Gold: All That Glitters. Gold is historically regarded as an inflation hedge, although it is probably better characterized as a currency hedge. There are a number of ways for investing in gold, ranging from the base metal, or an ETF that buys the base metal like GLD; to buying gold mining stocks or a fund or ETF that buys miners. But is it a hedge? On August 15, 1971, Richard Nixon announced that he had taken the US off the gold standard. Since that time, we’ve had some serious bouts of inflation. According to a study by Robert Arnott, gold sometimes worked and sometimes didn’t:

During the 1973-79 timeframe. Gold handily outperformed inflation, REITs, and Commodities. However, in the next two rounds, 1980-84 and 1988-91, gold actually has a negative return during inflationary periods. If we measure from the time the US dropped the gold standard, Gold returned, from 1971-2019, 10.61%, slightly less than stocks or commodities. For a fun look at gold over 3,000 years, have a look at Claude Erb’s paper.

Small Cap Stocks. The theory here is simple: small companies are more nimble and can pass on price increases to customers more easily. History seems to bear this out when we compare inflation-adjusted returns from 1969:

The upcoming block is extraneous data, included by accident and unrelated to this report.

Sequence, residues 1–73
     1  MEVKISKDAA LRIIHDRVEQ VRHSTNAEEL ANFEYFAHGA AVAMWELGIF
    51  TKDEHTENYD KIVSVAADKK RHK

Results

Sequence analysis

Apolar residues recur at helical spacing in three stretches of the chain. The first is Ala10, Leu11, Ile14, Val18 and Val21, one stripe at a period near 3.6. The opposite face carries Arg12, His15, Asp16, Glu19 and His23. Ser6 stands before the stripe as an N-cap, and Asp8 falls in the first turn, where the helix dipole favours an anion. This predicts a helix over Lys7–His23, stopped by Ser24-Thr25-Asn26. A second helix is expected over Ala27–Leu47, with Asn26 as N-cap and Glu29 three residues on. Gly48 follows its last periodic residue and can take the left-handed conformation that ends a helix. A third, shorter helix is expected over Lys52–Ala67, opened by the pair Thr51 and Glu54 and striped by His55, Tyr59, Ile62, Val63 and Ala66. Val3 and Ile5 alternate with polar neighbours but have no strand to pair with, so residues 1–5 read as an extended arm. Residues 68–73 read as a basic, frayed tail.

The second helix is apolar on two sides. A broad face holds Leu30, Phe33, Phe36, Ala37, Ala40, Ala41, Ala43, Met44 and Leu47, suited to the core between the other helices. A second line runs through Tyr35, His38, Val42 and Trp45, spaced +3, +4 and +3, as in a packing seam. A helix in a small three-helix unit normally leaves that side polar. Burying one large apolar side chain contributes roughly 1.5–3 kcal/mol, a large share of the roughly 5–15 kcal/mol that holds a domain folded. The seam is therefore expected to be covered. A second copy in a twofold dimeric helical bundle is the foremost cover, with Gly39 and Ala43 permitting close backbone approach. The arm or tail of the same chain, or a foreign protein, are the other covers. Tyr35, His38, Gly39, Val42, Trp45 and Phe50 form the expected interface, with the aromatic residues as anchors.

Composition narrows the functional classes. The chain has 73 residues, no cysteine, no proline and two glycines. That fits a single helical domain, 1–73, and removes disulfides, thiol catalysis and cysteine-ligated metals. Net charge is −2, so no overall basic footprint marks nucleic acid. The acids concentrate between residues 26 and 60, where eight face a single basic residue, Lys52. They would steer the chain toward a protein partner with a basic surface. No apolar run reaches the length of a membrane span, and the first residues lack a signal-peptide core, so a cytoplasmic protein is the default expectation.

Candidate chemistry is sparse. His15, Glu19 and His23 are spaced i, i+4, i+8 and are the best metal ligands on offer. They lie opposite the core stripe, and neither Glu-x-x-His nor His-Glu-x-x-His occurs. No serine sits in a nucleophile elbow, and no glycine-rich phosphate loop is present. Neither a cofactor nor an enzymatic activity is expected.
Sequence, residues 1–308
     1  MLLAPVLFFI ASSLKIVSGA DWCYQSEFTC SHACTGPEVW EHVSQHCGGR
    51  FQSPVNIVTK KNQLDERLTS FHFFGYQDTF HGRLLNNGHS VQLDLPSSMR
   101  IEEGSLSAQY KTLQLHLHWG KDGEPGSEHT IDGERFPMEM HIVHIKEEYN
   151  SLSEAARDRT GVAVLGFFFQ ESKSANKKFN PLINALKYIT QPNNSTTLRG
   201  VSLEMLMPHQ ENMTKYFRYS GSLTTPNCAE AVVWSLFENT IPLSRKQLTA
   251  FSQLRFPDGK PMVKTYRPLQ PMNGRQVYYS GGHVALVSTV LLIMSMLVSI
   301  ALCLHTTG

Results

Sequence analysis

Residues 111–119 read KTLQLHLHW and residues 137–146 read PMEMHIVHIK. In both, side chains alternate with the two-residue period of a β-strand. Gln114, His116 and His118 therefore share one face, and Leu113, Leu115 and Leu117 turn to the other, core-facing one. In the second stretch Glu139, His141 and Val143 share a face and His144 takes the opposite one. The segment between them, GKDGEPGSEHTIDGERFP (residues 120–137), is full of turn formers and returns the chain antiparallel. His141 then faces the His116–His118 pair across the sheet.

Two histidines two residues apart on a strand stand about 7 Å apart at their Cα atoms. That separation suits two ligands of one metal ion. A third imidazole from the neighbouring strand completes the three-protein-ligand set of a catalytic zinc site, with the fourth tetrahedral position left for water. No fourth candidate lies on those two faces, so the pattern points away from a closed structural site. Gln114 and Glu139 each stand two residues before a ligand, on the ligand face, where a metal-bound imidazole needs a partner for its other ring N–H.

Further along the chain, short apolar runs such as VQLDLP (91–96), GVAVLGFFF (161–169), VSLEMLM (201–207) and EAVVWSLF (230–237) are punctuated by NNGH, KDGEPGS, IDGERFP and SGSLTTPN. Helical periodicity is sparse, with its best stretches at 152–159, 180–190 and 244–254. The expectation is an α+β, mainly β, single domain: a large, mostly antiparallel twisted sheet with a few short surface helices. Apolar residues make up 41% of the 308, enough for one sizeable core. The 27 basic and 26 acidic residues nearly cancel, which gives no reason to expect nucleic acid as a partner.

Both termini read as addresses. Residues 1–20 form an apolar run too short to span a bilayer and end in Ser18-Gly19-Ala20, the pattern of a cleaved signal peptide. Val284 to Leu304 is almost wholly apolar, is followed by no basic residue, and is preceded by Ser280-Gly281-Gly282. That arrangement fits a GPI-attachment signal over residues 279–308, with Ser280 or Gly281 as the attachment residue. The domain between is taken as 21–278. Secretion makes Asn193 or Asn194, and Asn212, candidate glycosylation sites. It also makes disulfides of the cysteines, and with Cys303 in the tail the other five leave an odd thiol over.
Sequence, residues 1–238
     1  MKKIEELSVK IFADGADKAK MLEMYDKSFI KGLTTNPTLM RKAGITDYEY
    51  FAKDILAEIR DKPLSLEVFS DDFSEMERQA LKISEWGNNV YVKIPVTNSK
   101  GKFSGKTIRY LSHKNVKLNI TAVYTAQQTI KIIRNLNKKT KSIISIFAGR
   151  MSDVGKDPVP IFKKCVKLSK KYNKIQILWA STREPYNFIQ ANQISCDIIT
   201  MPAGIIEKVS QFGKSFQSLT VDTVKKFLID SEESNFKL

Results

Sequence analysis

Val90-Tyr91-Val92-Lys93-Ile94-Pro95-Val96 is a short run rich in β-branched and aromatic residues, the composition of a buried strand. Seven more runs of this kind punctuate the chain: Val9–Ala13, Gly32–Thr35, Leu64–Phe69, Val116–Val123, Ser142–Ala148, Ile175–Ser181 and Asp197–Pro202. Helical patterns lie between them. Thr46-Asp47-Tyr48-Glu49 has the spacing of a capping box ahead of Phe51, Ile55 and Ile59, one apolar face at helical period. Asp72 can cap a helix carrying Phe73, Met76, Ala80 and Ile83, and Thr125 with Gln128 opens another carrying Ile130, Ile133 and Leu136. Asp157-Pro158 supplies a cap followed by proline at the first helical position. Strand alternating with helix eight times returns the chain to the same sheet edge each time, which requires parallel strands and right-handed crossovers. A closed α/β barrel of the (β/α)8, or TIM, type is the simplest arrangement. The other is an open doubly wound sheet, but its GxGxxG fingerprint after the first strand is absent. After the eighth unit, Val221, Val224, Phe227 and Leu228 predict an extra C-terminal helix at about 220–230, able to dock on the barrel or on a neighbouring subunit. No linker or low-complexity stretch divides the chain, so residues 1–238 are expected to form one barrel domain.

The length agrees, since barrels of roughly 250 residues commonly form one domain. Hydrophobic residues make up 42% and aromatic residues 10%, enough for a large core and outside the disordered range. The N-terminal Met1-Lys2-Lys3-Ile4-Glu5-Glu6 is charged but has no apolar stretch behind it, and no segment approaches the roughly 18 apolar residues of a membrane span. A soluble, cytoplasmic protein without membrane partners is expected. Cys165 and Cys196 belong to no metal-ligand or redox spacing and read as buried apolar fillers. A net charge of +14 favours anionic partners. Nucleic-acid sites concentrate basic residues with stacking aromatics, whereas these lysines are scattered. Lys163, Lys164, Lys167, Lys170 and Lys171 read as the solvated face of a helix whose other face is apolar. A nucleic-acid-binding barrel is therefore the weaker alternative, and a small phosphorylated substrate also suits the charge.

Natural Resources. Natural resources are also widely considered an inflation hedge since raw material price increases tend to correlate with inflation. There is a difference between the underlying commodities and commodity producers. Producers tend to behave more like stocks. In the 1973-79 high inflation period and in 1988-1991, commodities outpaced inflation. In the period 1980-1984, commodities had a positive return, but failed to keep up with inflation.

Real Estate: They Aren’t Making Any More of It. In each of the three higher inflation periods in the last 50 years, only Real Estate Investment Trusts (REITS) have provided a return greater than inflation. Real estate rents and real estate values tend to rise in inflationary times, which gives a REIT a steady cash flow stream. REITs can be invested in though the REIT itself, or through a fund or ETF. REITs have special tax treatment as well, which can change the after-tax return in taxable accounts.

Bottom Line: Diversify. Whether we are in a period of sticky or slippery inflation (or both), diversifying makes sense. Remember to rebalance your portfolio, maybe shifting some weight to small caps, real estate, and commodities. Also, don’t forget the I-bond: 7.12% on a government security is pretty darn good. As always, I’ll try to answer questions: [email protected].